Cytomegalovirus (CMV) and Pregnancy
CMV, or cytomegalovirus (sī-to-MEG-a-lo-vī-rus), is a common virus that infects people of all ages. Once CMV is in a person's body, it stays there for life. Most infections with CMV are "silent," meaning most people who are infected with CMV have no signs or symptoms. However, CMV can cause disease in unborn babies.
A Randomized Trial to Prevent Congenital Cytomegalovirus (CMV)
Women who are pregnant may be eligible for a study about how to prevent CMV infection in unborn babies. The trial is sponsored by the Eunice Kennedy Shriver National Institute of Child Health and Human Development (NICHD) and is enrolling at many hospitals across the country. For more information, visit Contacts and Locations section of this Web site.
Help Your Pregnant Patients Avoid CMV Infection
Michael Cannon, PhD, MS
CMV is spread through:
- Person to person contact (such as, kissing, sexual contact, and getting saliva or urine on your hands and then touching your eyes, or the inside of your nose or mouth)
- Breast milk of an infected woman who is breast feeding
- Infected pregnant women can pass the virus to their unborn babies
- Blood transfusions and organ transplantations
Contact with the saliva or urine of young children is a major cause of CMV infection among pregnant women.
Pregnant women may want to take steps to reduce their risk of exposure to CMV and so reduce the risk of CMV infection of their fetus. Here are a few simple steps you can take to avoid exposure to saliva and urine that might contain CMV:
More information on hand washing is available on the CDC Ounce of Prevention site.
- Wash your hands often with soap and water for 15-20 seconds, especially after
- changing diapers
- feeding a young child
- wiping a young child's nose or drool
- handling children's toys
- Do not share food, drinks, or eating utensils used by young children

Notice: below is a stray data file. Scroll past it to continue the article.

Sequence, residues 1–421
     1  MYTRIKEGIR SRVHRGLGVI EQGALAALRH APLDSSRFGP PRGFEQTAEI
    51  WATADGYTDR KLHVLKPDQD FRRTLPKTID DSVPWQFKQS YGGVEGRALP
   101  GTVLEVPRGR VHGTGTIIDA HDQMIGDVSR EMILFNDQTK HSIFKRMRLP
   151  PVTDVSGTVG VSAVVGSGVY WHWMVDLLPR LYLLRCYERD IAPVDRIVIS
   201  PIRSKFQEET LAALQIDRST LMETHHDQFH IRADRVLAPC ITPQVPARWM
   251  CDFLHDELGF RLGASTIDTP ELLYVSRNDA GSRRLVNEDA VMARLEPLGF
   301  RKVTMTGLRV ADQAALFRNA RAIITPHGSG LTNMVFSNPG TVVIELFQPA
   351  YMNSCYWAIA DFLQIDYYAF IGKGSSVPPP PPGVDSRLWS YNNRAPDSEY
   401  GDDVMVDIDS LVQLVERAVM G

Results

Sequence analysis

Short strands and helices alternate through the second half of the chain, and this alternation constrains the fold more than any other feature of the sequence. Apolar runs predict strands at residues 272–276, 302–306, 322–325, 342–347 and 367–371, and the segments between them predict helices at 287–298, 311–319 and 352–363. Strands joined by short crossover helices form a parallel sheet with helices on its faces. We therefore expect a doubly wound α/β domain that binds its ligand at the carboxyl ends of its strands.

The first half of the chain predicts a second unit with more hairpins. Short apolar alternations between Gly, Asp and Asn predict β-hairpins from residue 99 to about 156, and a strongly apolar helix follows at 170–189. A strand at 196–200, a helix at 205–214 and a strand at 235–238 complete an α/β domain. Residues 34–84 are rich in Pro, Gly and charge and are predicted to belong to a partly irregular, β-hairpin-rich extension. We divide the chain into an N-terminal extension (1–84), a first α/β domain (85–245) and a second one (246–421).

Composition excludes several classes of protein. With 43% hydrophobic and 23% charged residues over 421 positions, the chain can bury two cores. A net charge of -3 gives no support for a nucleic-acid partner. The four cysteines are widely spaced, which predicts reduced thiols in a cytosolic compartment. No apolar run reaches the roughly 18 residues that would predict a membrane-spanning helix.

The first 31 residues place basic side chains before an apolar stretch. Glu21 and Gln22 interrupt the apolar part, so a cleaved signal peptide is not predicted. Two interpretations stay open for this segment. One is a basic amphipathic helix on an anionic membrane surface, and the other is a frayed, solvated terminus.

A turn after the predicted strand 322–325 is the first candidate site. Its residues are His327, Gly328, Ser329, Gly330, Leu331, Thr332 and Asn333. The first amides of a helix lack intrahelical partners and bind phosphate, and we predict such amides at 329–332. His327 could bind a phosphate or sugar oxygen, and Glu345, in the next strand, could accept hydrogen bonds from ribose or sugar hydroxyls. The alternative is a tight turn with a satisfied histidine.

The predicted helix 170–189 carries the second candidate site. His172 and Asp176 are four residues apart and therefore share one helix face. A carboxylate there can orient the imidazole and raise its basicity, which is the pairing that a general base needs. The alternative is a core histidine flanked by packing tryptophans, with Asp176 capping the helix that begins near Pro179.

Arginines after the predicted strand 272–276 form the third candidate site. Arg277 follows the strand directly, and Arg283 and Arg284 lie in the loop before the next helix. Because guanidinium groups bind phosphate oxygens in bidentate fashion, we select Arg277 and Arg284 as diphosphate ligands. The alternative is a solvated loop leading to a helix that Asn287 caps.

- Do not put a child's pacifier in your mouth
- Do not share a toothbrush with a young child
- Avoid contact with saliva when kissing a child
- Clean toys, countertops, and other surfaces that come into contact with children's urine or saliva
People who work closely with children in settings, such as child care facilities, may be at greater risk of CMV infection than persons who do not work in such settings. If you are pregnant and work with children, follow standard handwashing procedures after contact with body fluids, such as urine and saliva, that could contain CMV. Learn more about CMV and people who care for infants and children.
Most healthy children and adults infected with CMV have no symptoms and may not even know that they have been infected. Others may develop a mild illness. Symptoms may include fever, sore throat, fatigue, and swollen glands. These symptoms are similar to those of other illnesses, so most people are not aware that they are infected with CMV.
Most babies born with CMV (in other words, "congenital" CMV) never develop symptoms or disabilities. When babies do have symptoms, some can go away but others can be permanent.
Examples of symptoms or disabilities caused by congenital (meaning present at birth) CMV:
Permanent Symptoms or Disabilities
Currently, no treatment is recommended for CMV infection in healthy pregnant women. Vaccines for preventing CMV infection are still in the research and development stage.
CMV in the News
Short videos about CMV
- Page last reviewed: May 1, 2013
- Page last updated: May 1, 2013
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